However, Josephine had a more important personal reason for her visit: she was going to adopt a child from the Home. Indeed, upon her arrival at the airport she asked Miki: “Where is my child?” and she was keen to meet the boy whom it was already agreed she would adopt. So Miki changed their plan, which was for Josephine to meet the child, Akio Yamamoto, three days later at the Elizabeth Sanders Home in Oiso, and instead took him to the Imperial Hotel the very next day. In the evening edition of Asahi Shinbun on the 14th, there is a photograph of a smiling Josephine holding Akio alongside an article headlined: “The First Meeting with Little Akio”.

Josephine subsequently visited the Elizabeth Sanders Home and adopted one more boy on the spur of the moment. Thus, the first two of Josephine’s 12 adopted children from different parts of the world and different cultural, religious and racial backgrounds, who would become known as The Rainbow Tribe, were from Japan. The youngsters would spend their childhoods at Josephine’s chateau, Les Milandes, in the Dordogne region of southwest France…

…This home for infants was founded in February 1948. The institution, which became well known as a home for mixed-race children, was a major project started by Miki Sawada. This eldest daughter of the Iwasaki family of the former Mitsubishi conglomerate, who had a privileged upbringing and who married the diplomat Renzo Sawada to become Miki Sawada, was moved by the problem of mixed‐race children in the wake of the War and decided to provide for such abandoned youngsters herself.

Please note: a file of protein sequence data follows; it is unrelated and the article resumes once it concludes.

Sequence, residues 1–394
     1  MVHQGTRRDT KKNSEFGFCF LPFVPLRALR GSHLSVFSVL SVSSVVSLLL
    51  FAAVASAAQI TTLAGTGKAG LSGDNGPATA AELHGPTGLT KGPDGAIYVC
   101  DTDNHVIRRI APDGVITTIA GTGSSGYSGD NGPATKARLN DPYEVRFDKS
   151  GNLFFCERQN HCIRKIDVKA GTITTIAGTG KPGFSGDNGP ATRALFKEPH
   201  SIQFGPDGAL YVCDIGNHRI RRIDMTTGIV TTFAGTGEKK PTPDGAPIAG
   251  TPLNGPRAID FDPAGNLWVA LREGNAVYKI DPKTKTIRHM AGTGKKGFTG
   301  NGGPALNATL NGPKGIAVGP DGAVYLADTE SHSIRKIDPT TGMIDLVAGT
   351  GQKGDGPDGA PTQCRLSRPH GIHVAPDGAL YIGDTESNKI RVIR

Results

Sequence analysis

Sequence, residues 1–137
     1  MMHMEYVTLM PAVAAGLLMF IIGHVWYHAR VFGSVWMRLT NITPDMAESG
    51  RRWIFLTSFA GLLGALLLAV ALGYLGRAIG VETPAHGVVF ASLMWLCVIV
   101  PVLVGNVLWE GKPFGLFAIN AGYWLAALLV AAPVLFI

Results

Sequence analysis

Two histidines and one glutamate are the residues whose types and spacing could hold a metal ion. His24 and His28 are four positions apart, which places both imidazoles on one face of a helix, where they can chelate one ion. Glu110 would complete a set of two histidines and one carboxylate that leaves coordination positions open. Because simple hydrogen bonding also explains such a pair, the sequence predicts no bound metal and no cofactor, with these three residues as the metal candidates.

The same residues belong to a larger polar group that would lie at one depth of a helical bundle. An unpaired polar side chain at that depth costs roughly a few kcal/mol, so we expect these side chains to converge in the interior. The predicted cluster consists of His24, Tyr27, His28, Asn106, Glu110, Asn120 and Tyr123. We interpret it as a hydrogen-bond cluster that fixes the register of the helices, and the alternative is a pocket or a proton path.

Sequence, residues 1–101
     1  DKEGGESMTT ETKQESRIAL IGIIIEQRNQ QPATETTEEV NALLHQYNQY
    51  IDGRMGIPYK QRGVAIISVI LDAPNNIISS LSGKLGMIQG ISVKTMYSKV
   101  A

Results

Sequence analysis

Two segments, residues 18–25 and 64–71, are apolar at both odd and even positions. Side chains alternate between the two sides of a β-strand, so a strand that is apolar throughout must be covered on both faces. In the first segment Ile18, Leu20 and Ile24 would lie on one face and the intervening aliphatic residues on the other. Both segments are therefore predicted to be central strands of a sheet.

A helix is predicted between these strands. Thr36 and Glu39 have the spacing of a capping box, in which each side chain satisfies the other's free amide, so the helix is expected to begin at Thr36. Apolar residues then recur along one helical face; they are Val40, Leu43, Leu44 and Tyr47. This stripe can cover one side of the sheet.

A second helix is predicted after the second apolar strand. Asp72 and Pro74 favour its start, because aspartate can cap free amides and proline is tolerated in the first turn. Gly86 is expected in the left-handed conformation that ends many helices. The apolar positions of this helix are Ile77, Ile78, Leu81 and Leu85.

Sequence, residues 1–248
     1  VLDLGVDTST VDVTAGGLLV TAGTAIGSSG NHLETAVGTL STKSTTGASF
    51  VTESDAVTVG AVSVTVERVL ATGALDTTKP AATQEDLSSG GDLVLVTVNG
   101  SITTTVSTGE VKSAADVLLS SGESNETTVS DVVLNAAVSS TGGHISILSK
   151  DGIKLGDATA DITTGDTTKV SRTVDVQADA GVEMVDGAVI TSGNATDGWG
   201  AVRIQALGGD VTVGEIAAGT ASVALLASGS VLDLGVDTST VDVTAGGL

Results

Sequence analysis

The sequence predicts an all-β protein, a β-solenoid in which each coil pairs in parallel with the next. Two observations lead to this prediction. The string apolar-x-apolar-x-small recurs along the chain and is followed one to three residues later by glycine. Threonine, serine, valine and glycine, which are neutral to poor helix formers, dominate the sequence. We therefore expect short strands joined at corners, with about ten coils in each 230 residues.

At its inception, Miki could not have imagined that the Home would turn into such a large-scale project with such longevity; but well over 1000 children subsequently arrived at and left this nest. Even today, the Home, a little altered, at any one time is home to almost 100 children whose birth parents have not been able to take care of them. Although the Home is no longer caring for ‘Occupation Babies’, the humanitarian spirit that forms the basis of its nurturing philosophy has not changed. One of the most powerful connections Miki formed was with the internationally famous African American performer Josephine Baker. Baker, who visited Japan for the first time in 1954, adopted two boys, Akio Yamamoto and Teruya Kimura, from among the mixed-race children known as ‘Occupation Babies’…

Read the entire article here.

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Nation Drag: Uses of the Exotic